Zettelkasten Forum

Principles to improve your Zettelkasten



  • @Will said:
    The mindset node is incomplete without a "Mental Mindset" to counterbalance the "Visual Mindset." @Edmund, your bias towards the visual is showing. I'd like to see more on the "Growth Mindset."

    In the Mindset node, you have a set of beliefs that are really traits of a mental mindset.

    The concept map is always a draft version, ready for the next improvement. Which mental mindset do you beliefe is important for a better use of Zettelkasten?

    Edmund Gröpl
    Writing is your voice. Make it easy to listen.

  • The tools I use for my Zettelkasten belong to the invisible part of the iceberg. I use Obsidian for my notes and also for the integration of visuals. Zotero is for my references. For my visuals I need Concepts, SimpleMind and PowerBI. +

    Feel free to zoom in by opening the PDF version of the concept map: https://github.com/groepl/Obsidian-Templates/blob/main/Assets/Zettelkasten Iceberg Model v7.pdf

    Edmund Gröpl
    Writing is your voice. Make it easy to listen.

  • @Edmund, you inspired me again to take up one of our favorite thinking tools, Mind Maps, and explore my thoughts about note-taking. This is in conjunction with reading Sertillanges, A. G., and Ryan, Mary. The Intellectual Life: Its Spirit, Conditions, Methods., which was referenced in the forum tread, Share with us what is happening in your ZK this week. March 13, 2024 — Zettelkasten Forum.

    Here is my first rough version of a map of the thinking tool, comprehension Monitoring. I'm looking for suggestions on where it could be expanded.

    https://github.com/woodenzen/Zettelkasting-Tools/blob/8668253c6869976d24b39cd34856458322d2bfb0/MindMaps/Comprehension Monitoring.smmx

    Will Simpson
    I must keep doing my best even though I'm a failure. My peak cognition is behind me. One day soon I will read my last book, write my last note, eat my last meal, and kiss my sweetie for the last time.

  • @Will I collected my thoughts about Comprehension Monitoring in Note-Taking, which struck me as a great improvement. Thank you for this elucidation.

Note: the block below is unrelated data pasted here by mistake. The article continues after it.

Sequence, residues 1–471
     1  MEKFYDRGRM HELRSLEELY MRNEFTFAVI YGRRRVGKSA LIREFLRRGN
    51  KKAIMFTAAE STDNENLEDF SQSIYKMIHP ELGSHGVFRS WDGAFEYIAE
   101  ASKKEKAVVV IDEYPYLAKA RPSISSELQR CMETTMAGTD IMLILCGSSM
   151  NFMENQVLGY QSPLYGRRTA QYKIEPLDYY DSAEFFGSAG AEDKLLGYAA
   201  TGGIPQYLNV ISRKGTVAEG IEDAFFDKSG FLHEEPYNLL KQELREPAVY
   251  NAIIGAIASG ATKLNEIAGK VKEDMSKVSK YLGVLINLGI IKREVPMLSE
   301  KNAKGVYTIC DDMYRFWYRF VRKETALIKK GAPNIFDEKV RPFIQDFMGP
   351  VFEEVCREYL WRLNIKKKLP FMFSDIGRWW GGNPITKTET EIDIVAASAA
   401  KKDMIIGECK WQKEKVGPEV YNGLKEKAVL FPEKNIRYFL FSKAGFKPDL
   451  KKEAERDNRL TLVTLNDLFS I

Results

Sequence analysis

Effective note-taking as a cognitive process that involves actively monitoring your understanding of the material is a work above recording information. But how could we integrate comprehension monitoring into a note-taking mindset:

    1. Active Engagement: Approach note-taking as an opportunity to actively engage with the content. Continuously monitor your comprehension as you take notes. If something is unclear, pause to clarify or seek further explanation. And take a note about that. If you find yourself struggling to grasp a concept, make a note to revisit it later for clarification or further study.

    2. Selective Noting: Be discerning about what you note down. Focus on capturing concepts that you understand well and those that challenge you. Indifference doesn't enlighten you.

    3. Reflective Thinking: Practice reflective thinking while taking notes. Regularly pause to review what you've written and assess your level of understanding. Ask yourself questions like, "Do I feel at home with this concept?" or "Do I explain this in my own words?"

    4. Summarization: Summarize key points in your notes using your own language. This process encourages deeper understanding as you must comprehend the material well enough to condense it effectively. Aim to capture the essence of the information rather than merely transcribing it. As often described here in the forum, these summaries are key to work with your notes more effectively.

    5. Visualization and Concept Mapping: Use visual aids like diagrams, charts, or concept maps to represent relationships between ideas. @Edmund is a master in that. Visualizing information can help monitor our understanding by providing a different perspective and highlighting (and discovering) connections.

    6. Active Review: Regularly review your notes with a critical eye (or follow @Andy and his discourse mindset and simply make an addendum). Pay attention to areas where your understanding may be weak or incomplete (or where there is a constant influx of new discoveries). Use review sessions as opportunities to fill in gaps, clarify misunderstandings, or seek additional resources.

    7. Metacognitive Strategies: Employ metacognitive strategies (like the loops @Edmund instructed recently) to monitor and regulate learning processes. Be aware of your own cognitive weaknesses and strengths (I think, in that order). Adjust your note-taking approach based on what helps you comprehend and retain information best - the system has to work for you and your future self.

    8. I am getting fond of a feedback loop: Treat note-taking as part of a feedback loop between comprehension and recording. As you monitor your understanding, use it to inform how you take notes. Adjust your approach to prioritize areas where your comprehension needs improvement (that easily could fill your days).

    Many of these points I find in @Will s diagram.

    Integrating comprehension monitoring into the note-taking process, can enhance our understanding of the existing and missing material, identify areas for improvement, and develop more effective learning strategies, without taking to much time of being productive otherwise.

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